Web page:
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Movie buffs party at Oakville's Mondavi

Movie buffs party at Oakville's Mondavi

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Movie buffs party at Oakville's Mondavi
Eddie Chong, a San Francisco chef who specializes in Thai cuisine, poses with one of the many life-size Oscars set up throughout the 22nd annual Napa Valley Academy Awards Gala at Robert Mondavi Winery on Sunday. Chong said he was at the gala for the food, but wanted Meryl Streep to win Best Actress for her performance in “Julie & Julia.” Gregg Liebgold is shown photographing Chong. Carlos Villatoro/Register

As Hollywood A-listers gathered to celebrate the 82nd Annual Academy Awards, dozens of local movie lovers did the same Sunday night at the 22nd annual Napa Valley Academy Awards Gala at Robert Mondavi Winery.

A red carpet welcomed guests into the party, giving them a small sense of the VIP treatment offered to those who attended the big show in Los Angeles’ Kodak Theatre.

The gala is a fundraiser for Queen of the Valley Medical Center’s CARE Network, which is part of the hospital’s community outreach division. The CARE Network supports cancer patients and those who are diagnosed with HIV/AIDS.

Partygoers paid the general admission of $25, which included the opportunity to taste dishes from 27 of the valley’s most celebrated chefs, or $75 for VIP treatment, which included the benefits of general admission along with wine and a seat at one of the tables in the VIP section.

As hosts Steve Martin and Alec Baldwin provided comic relief to the millions of television viewers who tuned into the show, talk of who would win an Oscar circulated throughout the winery.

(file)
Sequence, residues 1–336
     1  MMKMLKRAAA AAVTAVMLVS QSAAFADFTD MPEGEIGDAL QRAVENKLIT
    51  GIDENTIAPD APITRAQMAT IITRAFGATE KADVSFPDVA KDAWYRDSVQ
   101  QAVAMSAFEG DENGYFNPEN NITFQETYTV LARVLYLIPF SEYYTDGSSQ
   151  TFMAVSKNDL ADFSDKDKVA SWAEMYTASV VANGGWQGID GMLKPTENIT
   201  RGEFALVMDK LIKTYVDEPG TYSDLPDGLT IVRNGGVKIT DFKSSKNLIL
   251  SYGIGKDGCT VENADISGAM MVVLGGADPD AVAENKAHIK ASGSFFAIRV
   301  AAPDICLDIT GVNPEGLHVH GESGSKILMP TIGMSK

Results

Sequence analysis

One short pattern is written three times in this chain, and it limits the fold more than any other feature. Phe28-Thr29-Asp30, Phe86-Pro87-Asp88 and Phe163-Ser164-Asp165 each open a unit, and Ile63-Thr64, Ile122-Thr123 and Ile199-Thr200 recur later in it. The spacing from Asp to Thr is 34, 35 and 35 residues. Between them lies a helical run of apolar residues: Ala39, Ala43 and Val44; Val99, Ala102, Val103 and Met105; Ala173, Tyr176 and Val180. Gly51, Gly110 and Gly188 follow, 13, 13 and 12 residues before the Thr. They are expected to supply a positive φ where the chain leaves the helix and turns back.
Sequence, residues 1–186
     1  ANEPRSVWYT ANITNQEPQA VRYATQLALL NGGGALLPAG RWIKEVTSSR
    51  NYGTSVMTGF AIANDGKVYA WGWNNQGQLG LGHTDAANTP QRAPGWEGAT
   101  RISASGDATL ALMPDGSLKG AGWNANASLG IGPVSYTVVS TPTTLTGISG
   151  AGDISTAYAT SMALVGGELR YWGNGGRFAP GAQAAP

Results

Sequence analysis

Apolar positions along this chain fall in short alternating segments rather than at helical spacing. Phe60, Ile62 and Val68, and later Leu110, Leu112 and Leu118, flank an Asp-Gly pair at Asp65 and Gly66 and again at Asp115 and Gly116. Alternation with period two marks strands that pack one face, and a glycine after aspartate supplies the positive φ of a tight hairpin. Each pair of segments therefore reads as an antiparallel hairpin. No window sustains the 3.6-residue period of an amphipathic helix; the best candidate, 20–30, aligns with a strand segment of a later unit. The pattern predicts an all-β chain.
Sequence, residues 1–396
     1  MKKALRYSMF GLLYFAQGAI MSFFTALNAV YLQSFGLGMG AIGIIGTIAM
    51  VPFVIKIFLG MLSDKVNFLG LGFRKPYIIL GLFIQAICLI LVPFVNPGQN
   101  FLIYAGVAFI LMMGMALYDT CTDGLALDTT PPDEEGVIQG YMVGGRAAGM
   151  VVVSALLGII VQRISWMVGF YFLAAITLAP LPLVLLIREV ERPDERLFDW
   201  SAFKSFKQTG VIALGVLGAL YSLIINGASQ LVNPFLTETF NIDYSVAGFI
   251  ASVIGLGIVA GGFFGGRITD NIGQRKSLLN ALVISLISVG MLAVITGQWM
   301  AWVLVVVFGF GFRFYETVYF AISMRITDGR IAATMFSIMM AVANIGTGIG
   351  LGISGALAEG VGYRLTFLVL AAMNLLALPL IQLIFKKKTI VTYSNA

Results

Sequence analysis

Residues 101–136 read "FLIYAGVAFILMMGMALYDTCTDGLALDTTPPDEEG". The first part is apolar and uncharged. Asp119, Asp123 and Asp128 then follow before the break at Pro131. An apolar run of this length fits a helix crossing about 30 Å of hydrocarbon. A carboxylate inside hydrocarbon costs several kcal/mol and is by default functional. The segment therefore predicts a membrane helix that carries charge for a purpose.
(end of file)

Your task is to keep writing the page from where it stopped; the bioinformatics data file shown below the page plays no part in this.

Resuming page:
“I think Sandra Bullock is going to win, it would be good to see her win,” said Vic Vasquez, vice president of Barrel Blasting who was among the 350 or more guests at the gala. Bullock was up for a Best Actress in a Leading Role award for her work in “The Blind Side.”

Napa resident Gregg Liebgold said he had an opportunity to view a private screening of “The Hurt Locker” before it hit theaters and wanted Kathryn Bigelow to walk away with a Best Director award. Eddie Chong said he wanted to see Meryl Streep win Best Actress for her portrayal of culinary great Julia Child in “Julie & Julia,” but said the food was the star of the gala.

Event organizer Chris Edwards recalls that the gala, now in its 22nd year, began with some friends who loved the Oscars. “It started as a house party 28 years ago and basically as the first fundraiser in Napa Valley for AIDS funding,” he said. “At the time, AIDS was new and they were discovering the disease. Hospitals were scared; they didn’t know what to do.”

Of the 300 or more individuals that the CARE Network serves, about 70 are HIV/AIDS patients, said Dana Codron, executive director of the Queen’s Community Outreach Department. The remainder of the network’s clients are cancer patients and those who are battling chronic illnesses.

“Our mission at St. Joseph Health Systems is to continue to help and improve the quality of life of the community we serve,” she said.

Through the years, the gala has raised more than $500,000 for the CARE Network and over $1 million for AIDS organizations throughout the valley, Edwards said. Sunday’s goal was to raise between $30,000 and $35,000, he said.

With the money raised at the event, the CARE Network provides basic support services to its clients, said Liza Alessio, community benefits coordinator at the Queen. These include providing access to medicine, food and transportation, she said.

Although most of the movie stars appeared on-screen Sunday, two celebrities were mingling with the crowd at the winery: Charlotte Stewart, who played Miss Beadle on the popular television series “Little House on the Prairie,” and Bob Sarlatte, who is the voice of the San Francisco 49ers and has appeared many times on “The Late Show with David Letterman.”

Stewart, who was diagnosed with breast cancer 19 years ago and has since beat it, said she became involved in the gala event by way of the CARE Network. On Sunday, Stewart said she was there to provide support to the event much in the same way that she supports the CARE Network, as a facilitator between patients and hospital staff.

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